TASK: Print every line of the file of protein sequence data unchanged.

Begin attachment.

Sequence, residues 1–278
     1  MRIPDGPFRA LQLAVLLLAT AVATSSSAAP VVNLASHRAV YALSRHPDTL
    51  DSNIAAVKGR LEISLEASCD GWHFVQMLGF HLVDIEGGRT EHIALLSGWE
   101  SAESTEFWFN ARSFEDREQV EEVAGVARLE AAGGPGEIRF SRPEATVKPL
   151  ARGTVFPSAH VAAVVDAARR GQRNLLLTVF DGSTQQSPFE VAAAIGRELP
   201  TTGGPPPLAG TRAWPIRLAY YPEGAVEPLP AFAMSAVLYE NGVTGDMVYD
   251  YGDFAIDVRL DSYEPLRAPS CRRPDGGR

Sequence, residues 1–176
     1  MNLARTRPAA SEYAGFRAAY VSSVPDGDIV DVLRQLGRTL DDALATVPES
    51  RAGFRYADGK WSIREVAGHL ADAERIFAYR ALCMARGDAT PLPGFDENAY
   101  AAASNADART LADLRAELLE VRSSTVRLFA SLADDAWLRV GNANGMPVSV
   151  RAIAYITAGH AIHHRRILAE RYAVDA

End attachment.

Sequence, residues 1–278
     1  MRIPDGPFRA LQLAVLLLAT AVATSSSAAP VVNLASHRAV YALSRHPDTL
    51  DSNIAAVKGR LEISLEASCD GWHFVQMLGF HLVDIEGGRT EHIALLSGWE
   101  SAESTEFWFN ARSFEDREQV EEVAGVARLE AAGGPGEIRF SRPEATVKPL
   151  ARGTVFPSAH VAAVVDAARR GQRNLLLTVF DGSTQQSPFE VAAAIGRELP
   201  TTGGPPPLAG TRAWPIRLAY YPEGAVEPLP AFAMSAVLYE NGVTGDMVYD
   251  YGDFAIDVRL DSYEPLRAPS CRRPDGGR

Sequence, residues 1–176
     1  MNLARTRPAA SEYAGFRAAY VSSVPDGDIV DVLRQLGRTL DDALATVPES
    51  RAGFRYADGK WSIREVAGHL ADAERIFAYR ALCMARGDAT PLPGFDENAY
   101  AAASNADART LADLRAELLE VRSSTVRLFA SLADDAWLRV GNANGMPVSV
   151  RAIAYITAGH AIHHRRILAE RYAVDA